My experience has been that if you are more than 10-20 miles from a NWS transmitter, you may have difficulty pulling in a quality signal. You might want to consider buying a radio that has an external antenna jack. This will allow you to add a larger indoor telescoping antenna as well as the capability to add a roof top antenna if needed. Radio Shack sells an inexpensive roof top antenna designed for scanners and weather radios for around $20. If you do decide to purchase the external antenna, make sure you have all of the needed connectors to interface your radio to the antenna. Cable conversion connectors may be needed depending on your setup.

The Audio Cable:

You will need to obtain audio a cable that will connect your weather radio to your computer. This cable usually has two male plugs 1/8" audio connectors and should be long enough to place your radio far enough from the computer to reduce any interference the computer may generate.

If your weather radio or scanner has a "Ext. Speaker" output, you will want to use a dubbing cable to convert the output to voltages suitable for your computer's Line-in. You may make one easily following these instructions.

The Computer Input:

On the computer side the audio cable should be connected to the "Line-In" jack available on most computers. This connector is typically a stereo input and is used to interface devices like CD players to your computer. You will probably need to purchase a mono to stereo adapter to interface your radio to the computer. If you are not sure whether the Line-In is stereo or mono, check your sound card's user manual or the computer manufacturer's website to determine whether the input is mono or stereo.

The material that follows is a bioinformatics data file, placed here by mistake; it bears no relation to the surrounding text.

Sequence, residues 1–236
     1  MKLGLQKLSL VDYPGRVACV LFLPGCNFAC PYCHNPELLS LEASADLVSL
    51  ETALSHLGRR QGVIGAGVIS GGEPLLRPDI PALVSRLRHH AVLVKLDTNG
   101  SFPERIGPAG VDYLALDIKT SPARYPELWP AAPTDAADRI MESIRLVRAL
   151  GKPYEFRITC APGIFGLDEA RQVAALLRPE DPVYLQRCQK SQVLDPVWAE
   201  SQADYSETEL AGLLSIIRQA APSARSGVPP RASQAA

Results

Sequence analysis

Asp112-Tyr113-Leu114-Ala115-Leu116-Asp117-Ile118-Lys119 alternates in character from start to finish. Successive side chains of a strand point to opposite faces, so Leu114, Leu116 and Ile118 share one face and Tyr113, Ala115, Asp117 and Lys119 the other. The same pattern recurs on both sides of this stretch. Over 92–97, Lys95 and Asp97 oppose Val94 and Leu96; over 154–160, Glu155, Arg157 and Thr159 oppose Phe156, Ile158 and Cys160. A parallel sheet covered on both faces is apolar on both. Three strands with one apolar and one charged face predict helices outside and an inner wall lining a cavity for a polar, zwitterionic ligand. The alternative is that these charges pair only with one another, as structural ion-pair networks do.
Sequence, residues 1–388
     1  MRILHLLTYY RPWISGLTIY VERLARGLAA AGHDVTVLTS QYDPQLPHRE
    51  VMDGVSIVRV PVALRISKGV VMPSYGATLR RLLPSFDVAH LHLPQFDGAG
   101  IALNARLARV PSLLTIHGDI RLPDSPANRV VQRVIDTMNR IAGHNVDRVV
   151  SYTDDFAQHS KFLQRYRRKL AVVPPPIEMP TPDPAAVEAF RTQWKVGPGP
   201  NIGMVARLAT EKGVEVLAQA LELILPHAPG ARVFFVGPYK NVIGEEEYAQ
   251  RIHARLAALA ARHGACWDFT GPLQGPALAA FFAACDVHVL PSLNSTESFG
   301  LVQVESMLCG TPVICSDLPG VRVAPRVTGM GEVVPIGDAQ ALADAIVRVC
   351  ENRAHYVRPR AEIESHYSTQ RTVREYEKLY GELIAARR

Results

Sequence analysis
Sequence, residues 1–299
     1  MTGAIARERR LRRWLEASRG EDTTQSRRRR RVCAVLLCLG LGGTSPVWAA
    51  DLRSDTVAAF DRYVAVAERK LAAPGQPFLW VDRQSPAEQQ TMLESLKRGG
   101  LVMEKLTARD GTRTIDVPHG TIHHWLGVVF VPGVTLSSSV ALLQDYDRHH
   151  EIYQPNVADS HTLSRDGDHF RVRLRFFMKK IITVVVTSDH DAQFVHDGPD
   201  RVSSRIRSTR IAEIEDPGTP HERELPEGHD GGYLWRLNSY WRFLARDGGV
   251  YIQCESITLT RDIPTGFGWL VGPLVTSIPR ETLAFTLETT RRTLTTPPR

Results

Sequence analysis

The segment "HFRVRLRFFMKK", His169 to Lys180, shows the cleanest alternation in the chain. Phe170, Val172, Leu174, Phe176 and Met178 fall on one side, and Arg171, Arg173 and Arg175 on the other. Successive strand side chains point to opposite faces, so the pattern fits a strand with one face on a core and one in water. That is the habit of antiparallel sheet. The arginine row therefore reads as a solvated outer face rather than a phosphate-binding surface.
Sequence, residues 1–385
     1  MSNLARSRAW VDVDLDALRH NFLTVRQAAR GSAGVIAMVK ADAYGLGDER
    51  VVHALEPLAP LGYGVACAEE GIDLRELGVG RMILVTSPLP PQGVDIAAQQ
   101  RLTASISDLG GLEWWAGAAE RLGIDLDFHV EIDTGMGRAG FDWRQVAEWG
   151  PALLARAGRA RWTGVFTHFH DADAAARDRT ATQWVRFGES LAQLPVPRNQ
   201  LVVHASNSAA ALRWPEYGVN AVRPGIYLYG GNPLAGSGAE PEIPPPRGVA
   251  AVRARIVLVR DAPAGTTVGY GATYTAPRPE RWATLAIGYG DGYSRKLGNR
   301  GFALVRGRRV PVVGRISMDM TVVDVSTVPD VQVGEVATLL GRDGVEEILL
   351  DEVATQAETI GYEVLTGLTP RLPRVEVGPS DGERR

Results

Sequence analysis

TAD or AUX Inputs:

You may also have an input available called the TAD (Telephone Answering Device) or AUX. These may or may not be exclusive (using one as input disables the other). These inputs are typically mono versus stereo type connections. Some audio cards have the TAD or AUX inputs available as an input source but the jack is not found on the back of the audio card (or computer). In this case, you might need to hunt down your audio card user manual on the net. Usually the manuals will show the TAD or AUX input on the sound card itself but the wires are not sent to an external jack on the computer or audio card.

If this is the case you may need to create a jack on the back of your computer by using a blanking plate and an unused slot. To mount the jack you need would drill a hole in the blanking plate, then mount the jack in to the blanking plate. Make sure you double check the clearances as there is usually not a lot of room for error. Look at the destination slot as well to make sure that there will not be other mechanical limitations to mounting the jack to the blanking plate.

You will also need to buy an appropriate connector for your audio card. These are typically 3 pin audio jack connectors designed to interface with other computer cards like modems and CD ROMS. These jacks are available at most computer stores (especially from small shops that build custom computers). CompUSA is also a good source for computer parts.